Mothers with allergies: take note. Consuming probiotics during pregnancy and breastfeeding could help your baby build resistance to eczema (atopic dermatitis), according to a new Finnish study.

Scientists from Turku University Central Hospital, Finland, suggest that maternal intake of probiotics stimulates the production of immune substances that are transferred to the infant via the placenta or breast milk. These immune factors aid in the maturation of the baby’s immune system and gut flora, thereby reducing risks of developing eczema, a long-term skin disorder involving scaly, itchy rashes as well as swelling and inflammation of the skin.

Probiotics — The friendly live microorganisms

Probiotics are ‘good’ bacteria that can enhance our health when consumed in right amounts. They colonise the intestine where they help to maintain a balance between healthy and harmful bacteria by impeding the growth of dangerous organisms.

Probiotics can be found in yoghurt, kefir and soybean products like tempeh, miso, and natto. They are also available as supplements.

Study details

Led by Dr Rautava, the researchers recruited 241 pregnant women with a history of allergies, which implied that their babies were at higher risks of developing eczema or other allergic reactions.

The mothers were randomly allocated to receive either a placebo or one of two probiotic formulations — Lactobacillus rhamnosus LPR and Bifidobacterium longum BL999, or L. paracasei ST11 and B. longum BL999. These probiotic combinations were given as a powder in water.

The women ingested their assigned drink once daily during the last two months of gestation and the first two months of breastfeeding.

The scientists followed the babies during their first two years of life and they were tested for sensitivities through skin prick tests conducted at ages of 6, 12 and 24 months.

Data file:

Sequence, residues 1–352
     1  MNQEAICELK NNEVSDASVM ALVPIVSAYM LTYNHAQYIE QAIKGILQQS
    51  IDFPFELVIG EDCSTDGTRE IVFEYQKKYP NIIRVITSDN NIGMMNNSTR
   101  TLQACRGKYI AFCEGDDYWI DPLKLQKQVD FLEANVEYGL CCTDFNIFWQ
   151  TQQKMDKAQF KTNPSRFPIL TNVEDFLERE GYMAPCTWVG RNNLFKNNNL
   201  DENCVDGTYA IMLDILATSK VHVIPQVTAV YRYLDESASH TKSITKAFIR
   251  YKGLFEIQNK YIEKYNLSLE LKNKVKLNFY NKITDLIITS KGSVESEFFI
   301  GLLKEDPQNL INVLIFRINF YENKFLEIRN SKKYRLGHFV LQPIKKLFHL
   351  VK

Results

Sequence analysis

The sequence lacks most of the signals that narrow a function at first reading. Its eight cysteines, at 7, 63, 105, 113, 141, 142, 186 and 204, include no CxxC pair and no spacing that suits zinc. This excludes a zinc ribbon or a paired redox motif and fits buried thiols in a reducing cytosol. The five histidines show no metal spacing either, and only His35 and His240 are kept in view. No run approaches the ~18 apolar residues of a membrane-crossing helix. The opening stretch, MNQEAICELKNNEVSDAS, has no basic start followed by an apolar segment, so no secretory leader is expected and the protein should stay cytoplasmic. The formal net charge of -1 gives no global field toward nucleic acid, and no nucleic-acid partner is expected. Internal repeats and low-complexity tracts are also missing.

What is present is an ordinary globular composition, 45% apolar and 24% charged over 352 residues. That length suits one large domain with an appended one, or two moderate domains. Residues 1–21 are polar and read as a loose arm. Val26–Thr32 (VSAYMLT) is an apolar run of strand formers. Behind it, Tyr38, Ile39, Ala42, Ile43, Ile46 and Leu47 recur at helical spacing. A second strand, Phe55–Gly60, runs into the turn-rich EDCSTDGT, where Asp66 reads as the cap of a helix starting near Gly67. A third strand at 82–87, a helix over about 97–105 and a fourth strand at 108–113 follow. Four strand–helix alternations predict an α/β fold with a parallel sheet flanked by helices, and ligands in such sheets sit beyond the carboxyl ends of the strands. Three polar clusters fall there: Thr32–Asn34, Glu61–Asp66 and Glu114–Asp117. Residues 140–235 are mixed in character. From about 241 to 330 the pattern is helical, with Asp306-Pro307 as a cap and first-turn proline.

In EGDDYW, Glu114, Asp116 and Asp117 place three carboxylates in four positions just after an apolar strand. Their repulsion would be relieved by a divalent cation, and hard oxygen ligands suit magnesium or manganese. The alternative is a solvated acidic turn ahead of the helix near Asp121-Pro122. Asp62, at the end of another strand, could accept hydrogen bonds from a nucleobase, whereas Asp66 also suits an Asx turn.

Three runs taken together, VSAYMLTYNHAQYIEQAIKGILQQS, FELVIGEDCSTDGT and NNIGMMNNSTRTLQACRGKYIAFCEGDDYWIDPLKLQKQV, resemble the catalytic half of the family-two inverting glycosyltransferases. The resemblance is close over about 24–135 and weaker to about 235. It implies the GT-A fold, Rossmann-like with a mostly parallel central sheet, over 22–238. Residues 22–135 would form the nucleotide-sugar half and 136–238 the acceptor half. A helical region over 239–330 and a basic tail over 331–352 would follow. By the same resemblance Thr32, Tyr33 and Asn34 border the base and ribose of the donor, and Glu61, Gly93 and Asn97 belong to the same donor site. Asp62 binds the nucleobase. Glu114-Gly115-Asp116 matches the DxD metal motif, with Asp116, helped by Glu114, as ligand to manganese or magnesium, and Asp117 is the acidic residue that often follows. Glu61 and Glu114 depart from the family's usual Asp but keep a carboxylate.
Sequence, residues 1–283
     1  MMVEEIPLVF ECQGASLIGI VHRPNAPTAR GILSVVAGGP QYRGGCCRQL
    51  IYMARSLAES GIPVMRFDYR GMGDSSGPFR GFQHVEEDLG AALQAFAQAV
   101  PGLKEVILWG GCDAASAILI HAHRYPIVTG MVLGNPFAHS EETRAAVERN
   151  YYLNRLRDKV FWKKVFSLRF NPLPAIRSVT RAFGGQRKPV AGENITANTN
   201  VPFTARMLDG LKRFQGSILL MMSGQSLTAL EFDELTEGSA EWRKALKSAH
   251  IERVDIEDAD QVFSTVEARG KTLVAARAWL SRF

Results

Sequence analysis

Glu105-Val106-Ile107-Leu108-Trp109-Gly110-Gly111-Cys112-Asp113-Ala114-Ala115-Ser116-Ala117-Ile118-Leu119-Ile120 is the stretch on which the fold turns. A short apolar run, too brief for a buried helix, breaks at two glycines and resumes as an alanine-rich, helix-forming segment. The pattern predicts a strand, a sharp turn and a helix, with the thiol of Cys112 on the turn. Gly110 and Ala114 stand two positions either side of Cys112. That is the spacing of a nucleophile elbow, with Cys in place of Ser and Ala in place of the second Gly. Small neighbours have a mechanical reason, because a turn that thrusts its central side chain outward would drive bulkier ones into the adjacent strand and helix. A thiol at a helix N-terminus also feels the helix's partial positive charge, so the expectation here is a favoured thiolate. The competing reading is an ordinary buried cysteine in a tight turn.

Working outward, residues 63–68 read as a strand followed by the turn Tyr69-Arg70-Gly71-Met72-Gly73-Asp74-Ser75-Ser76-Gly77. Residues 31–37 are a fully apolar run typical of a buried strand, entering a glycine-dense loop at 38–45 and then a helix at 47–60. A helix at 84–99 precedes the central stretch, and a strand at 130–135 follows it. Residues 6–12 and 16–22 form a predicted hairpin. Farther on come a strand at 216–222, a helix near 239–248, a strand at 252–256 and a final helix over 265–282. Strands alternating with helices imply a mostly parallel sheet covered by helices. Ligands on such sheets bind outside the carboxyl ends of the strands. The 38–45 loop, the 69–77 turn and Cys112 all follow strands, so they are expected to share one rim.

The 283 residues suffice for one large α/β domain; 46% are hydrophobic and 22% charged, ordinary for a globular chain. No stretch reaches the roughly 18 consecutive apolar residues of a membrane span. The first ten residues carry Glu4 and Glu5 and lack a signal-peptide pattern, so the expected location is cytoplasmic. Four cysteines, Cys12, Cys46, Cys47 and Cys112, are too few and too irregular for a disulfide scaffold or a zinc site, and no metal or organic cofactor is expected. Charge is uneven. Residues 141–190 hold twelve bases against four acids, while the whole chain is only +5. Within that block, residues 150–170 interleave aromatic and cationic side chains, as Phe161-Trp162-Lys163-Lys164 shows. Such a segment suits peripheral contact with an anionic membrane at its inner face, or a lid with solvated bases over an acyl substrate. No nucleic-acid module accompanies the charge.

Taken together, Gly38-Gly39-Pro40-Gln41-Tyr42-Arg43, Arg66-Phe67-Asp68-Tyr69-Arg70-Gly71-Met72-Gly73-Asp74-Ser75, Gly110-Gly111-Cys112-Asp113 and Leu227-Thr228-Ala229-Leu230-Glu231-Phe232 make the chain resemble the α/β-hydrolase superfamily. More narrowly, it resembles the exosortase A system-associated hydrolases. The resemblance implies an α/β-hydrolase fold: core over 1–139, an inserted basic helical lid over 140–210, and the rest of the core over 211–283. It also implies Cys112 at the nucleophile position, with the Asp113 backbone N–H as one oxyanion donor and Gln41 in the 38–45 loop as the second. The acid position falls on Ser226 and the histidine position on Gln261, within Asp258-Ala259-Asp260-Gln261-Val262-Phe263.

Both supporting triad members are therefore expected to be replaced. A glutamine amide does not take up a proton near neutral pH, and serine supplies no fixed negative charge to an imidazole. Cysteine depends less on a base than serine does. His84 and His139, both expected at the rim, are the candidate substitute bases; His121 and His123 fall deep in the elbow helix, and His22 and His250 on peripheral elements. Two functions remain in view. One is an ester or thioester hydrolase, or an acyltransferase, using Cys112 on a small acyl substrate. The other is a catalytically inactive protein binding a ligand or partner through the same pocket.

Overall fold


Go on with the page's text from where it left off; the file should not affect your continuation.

The probiotics used in this study were offered by Nestle, which promotes probiotics in infant products such as infant formula.

Study findings

Both probiotic formulations significantly reduced the babies’ risk of eczema: 71% of infants whose mothers received the placebo developed eczema rash at least once compared to only 29% of babies whose mothers took either of the formulations.

The placebo children also had higher incidences of chronic eczema: 26% compared to 6-10% of those in the two probiotic groups.

However, the protective effects did not seem to extend to other sensitivities. By age two, regardless of whether the mothers had taken probiotics, there was no difference in the way the children responded to common allergens such as milk, wheat, soy or dog and cat dander. Around 25% of the children were sensitive to an allergen as shown by skin prick tests.

Specific pre- and postnatal probiotic regimens, taken to decrease eczema risks in babies of allergic mothers, are safe and effective, the researchers reported in the Journal of Allergy and Clinical Immunology. However, while the results are encouraging, Dr Rautava told Reuters Health in an email that ‘it is not yet possible to make recommendations for routine use of probiotics to reduce the risk of eczema’.


    Rautava et al (2012) Maternal probiotic supplementation during pregnancy and breast-feeding reduces the risk of eczema in the infant. J Allergy Clin Immunol. 130(6):1355-1360.